APRIL FOOLS: Ciminelli buys Buffalo State, school to close in 2020

Ashley Ziomek, Reporter

The news isn’t fake…but today it is. This story is a part of our annual April Fool’s coverage, The Wreckard. It’s not true. It’s not factual. It’s all in good fun.

Happy April Fool’s Day!


Strange things are afoot at 1300 Elmwood Avenue.

After three years of indecisive bargaining, SUNY Buffalo State has agreed to a deal with Ciminelli Real Estate Corporation, and the campus will soon be closing their doors to the tune of $150 million.

The deal was finalized on March 20, 2018, however the college will remain open through the spring of 2020.

“We want to develop new sites for the Elmwood Village, while keeping integrity and fundamentals intact,” said William Preston, spokesperson for Ciminelli.

However, purchasing the 125-acre campus was not an easy feat for the company, according to Preston.

The college has been in the midst of a $350 million renovation since 2011, which was to be completed by 2017. These new features include dormitories, a new technology building, and touchups to already existing buildings on the campus.

As of March 2018, the renovations remain incomplete, and students have begun to steer away from registering for classes with Buffalo State. Upperclassmen of the college have been asked to move off campus if they have 90 credits or more in their coursework.

With no funding left to complete their project, and students rapidly straying away, the SUNY school had no choice but to accept the only offer presented to them.

Enter Ciminelli.

A company known for pushing limits within the city of Buffalo, especially in and around the Elmwood Village area. In 2016, the company purchased eleven properties near Bidwell Parkway and Elmwood Avenue, including commercial and residential structures, from village local Donald Leone.

Shortly after this purchase, the company took on the Zoning Board of Appeals in Buffalo, with hopes to build structures that were questionable in relation to the city’s Green Code.

The Green Code was established in April of 2010, and is a community-driven push to keep intact the integrity of the district, as well as keep fair standards across the board. The code states that buildings in the Elmwood Village may not exceed three stories, whereas Ciminelli was looking to build up to four and five stories high.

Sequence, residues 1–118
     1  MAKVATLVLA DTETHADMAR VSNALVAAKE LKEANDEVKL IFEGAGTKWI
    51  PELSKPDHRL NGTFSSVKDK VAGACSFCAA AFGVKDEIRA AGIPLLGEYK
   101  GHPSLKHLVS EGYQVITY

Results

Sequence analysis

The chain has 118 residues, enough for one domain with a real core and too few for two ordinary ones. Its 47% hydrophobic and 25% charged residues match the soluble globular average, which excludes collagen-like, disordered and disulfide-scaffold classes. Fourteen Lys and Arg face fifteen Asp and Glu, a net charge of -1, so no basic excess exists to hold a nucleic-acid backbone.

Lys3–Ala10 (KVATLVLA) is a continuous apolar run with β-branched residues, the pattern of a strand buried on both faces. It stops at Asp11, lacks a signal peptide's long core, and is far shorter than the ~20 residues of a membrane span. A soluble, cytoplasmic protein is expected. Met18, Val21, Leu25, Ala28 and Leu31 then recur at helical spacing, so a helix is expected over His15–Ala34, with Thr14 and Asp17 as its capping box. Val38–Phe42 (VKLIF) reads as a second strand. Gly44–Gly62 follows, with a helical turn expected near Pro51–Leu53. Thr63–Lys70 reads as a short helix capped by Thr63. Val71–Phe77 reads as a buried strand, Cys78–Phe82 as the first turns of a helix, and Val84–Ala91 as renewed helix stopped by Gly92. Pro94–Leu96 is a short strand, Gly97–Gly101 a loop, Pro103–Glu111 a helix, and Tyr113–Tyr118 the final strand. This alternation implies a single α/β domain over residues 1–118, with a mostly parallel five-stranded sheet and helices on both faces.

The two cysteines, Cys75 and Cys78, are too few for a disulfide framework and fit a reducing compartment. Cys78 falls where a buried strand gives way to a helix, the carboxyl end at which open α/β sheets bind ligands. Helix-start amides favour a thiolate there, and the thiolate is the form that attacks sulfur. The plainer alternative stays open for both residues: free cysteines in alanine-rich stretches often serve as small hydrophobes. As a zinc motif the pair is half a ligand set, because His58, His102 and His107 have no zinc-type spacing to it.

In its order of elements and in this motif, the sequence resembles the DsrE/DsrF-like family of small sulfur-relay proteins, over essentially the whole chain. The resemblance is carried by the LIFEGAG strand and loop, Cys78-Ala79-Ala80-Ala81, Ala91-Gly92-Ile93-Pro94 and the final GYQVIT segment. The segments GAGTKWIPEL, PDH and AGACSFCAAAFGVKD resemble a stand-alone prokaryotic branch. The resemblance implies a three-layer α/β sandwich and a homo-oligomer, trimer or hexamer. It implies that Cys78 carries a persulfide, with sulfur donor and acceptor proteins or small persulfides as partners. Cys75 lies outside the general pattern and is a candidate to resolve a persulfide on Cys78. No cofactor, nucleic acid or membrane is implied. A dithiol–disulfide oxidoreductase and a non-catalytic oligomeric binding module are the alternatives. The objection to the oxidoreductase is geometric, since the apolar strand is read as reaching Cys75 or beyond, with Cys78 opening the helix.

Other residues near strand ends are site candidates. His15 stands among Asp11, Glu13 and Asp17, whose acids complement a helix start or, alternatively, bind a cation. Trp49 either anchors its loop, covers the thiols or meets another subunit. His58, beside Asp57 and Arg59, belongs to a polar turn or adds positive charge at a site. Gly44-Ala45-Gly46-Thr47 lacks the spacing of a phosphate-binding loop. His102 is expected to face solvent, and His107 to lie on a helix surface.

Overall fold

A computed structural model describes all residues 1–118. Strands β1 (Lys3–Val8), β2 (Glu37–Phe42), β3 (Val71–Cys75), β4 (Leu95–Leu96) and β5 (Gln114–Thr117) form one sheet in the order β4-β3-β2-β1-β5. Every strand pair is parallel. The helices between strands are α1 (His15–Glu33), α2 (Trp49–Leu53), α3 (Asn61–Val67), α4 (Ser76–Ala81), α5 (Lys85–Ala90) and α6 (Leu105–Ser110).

This push against the Green Code led to rallies, board meetings, and protests to keep the village as it was, while Ciminelli searched for any solution to continue their projects in the Elmwood area. The company was met with such heat, they ended up changing their lead architect to try and regain good standing with the people of Buffalo.

“We are very much aware that our project needs to compliment the existing neighborhood,” said Anne Greene, Assistant Vice President of marketing and public relations for Ciminelli.

But locals disagree with the agenda of the company and the direction they will take with their newly acquired property.

“This is mass destruction,” said Theodore Logan, a resident of Elmwood Village.

Over the past few years, residents have seen condos and new store fronts appear, and now worry about a proposed three-story parking garage being plopped into the center of the historic village.

With the new purchase of Buffalo State, it has been suggested the parking structure be added to an area on the campus, still a walkable distance from the heart of the village.

But how will the closing of Buffalo State and loss of thousands of students effect the Elmwood Village economy?

“There will be significantly less foot traffic,” Logan said . “The local businesses who benefit from foot traffic and window shopping will take a huge hit, but I suppose we don’t really know what’s in store for the Buffalo State area yet either.”

Luckily before any changes are made, a designated Buffalo agency will conduct a review following the State Environmental Quality Review Act (SEQRA). This designated agency will conduct series of investigations into any proposed ideas, and will select only those they feel will have a cumulative impact on the neighborhood.

“This is a surgical demolition around historical landmarks,” said Greene, explaining the goal was not to destroy but to modernize.

There is one last effort to try and save the structures residing within the campus, coming from the nearby Elmwood Village Association (EVA). The goal of the EVA is to improve the quality of life within the Elmwood Village. They are pushing to have the school identified as a historical landmark, which would prevent Ciminelli from any demolition or reconstruction on the campus.

This meeting is set for April 1, 2019.